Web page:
I’m regularly told that I give a bad image of India (the horror stories and all that). Here is some of the nice stuff that I never write about. Things I like about India.
I’m regularly told that I give a bad image of India (the horror stories and all that). Here is some of the nice stuff that I never write about. Things I like about India:
- the rivers
- riding on the back of Madhav or Shinde’s bikes
- the shopping stalls near Laxmi Rd
- walking in the university campus
- going to the movies
- mad shopping binges
- kathi rolls and kheer kadam from Radhika’s
- the smell of incense and fresh coriander
- people who smile at me or compliment my dress
- rickshaw drivers who go by the meter
- chatting with people on the train
- coloured clothes and cloth
- travelling by train
- changes of plans and surprises when they go the way I want them to
- painted signs and boards
- sari bags
- krack cream
- the dampness of the air on arrival in Bombay airport
- kulfi and gulab jamun
- butter naan and butter chicken
- the warmth
- having all the time in the world to take my bath and eat my breakfast
- glass bangles and silver anklets
- reading for days on end
- children in school uniforms
- eating on the kitchen floor
- the cup of tea offered by the internet café manager because I’m waiting for the end of the power outage
- Hindi and Indian English
- negociating seating arrangements and luggage storage with fellow train-passengers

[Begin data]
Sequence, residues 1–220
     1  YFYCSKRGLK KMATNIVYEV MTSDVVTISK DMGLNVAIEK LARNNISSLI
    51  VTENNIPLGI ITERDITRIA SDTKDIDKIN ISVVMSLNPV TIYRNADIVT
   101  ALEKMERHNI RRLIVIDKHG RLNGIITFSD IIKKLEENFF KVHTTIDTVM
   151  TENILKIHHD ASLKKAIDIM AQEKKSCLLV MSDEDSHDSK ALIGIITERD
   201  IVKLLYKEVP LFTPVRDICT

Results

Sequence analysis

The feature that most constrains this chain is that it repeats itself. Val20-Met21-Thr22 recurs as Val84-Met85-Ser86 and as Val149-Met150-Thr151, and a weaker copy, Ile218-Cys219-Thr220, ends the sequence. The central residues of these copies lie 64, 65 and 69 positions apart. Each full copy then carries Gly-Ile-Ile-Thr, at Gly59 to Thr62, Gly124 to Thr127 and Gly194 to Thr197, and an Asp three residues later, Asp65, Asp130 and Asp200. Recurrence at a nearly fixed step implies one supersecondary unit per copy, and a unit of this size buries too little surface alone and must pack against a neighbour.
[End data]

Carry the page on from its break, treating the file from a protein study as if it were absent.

- sticking 46 large stamps on the 6.5kg book parcel I’m sending home
- the Kal Ho Na Ho ringtone on Anita’s cellphone
- sweet-smelling flowers in the night
- Hindi music in the car
- chay with milk straight out of the goat’s udder at Taramai’s
Où je retrouve avec une vitesse effrayante ma routine suisse.
C’est effrayant de voir à quel vitesse je me réinstalle dans ma vie suisse. Je n’ai été absente qu’un mois, il est vrai, et la vie que je retrouve ressemble dent pour dent à celle d’avant mes vacances. Presque pas désorientée, l’Inde est déjà très loin, et ça m’embête. J’ai juste gardé encore le petit mouvement de tête indien signifiant l’acquiècement, et je sais que je le perdrai bientôt.
C’est tout à fait autre chose qu’un retour après un an d’absence, et mine de rien, c’est mon troisième retour. Je commence presque à avoir l’habitude. Je me réinstalle en Suisse aussi aisément que je me réinstalle en Inde lorsque j’y vais — à la seule différence que je sais toujours quand je rentrerai en Suisse, et que j’ignore quand je retournerai en Inde.
Oui, la Suisse est grise et froide. Mais ce soir, il y a du soleil sur la campagne que traverse le train qui me ramène à Lausanne après ma première journée de travail. Elle est belle, la Suisse, quand elle veut. Mais je serais quand même bien restée là -bas un peu plus longtemps…
Back home in Switzerland. Got the cat back, but not the cellphone.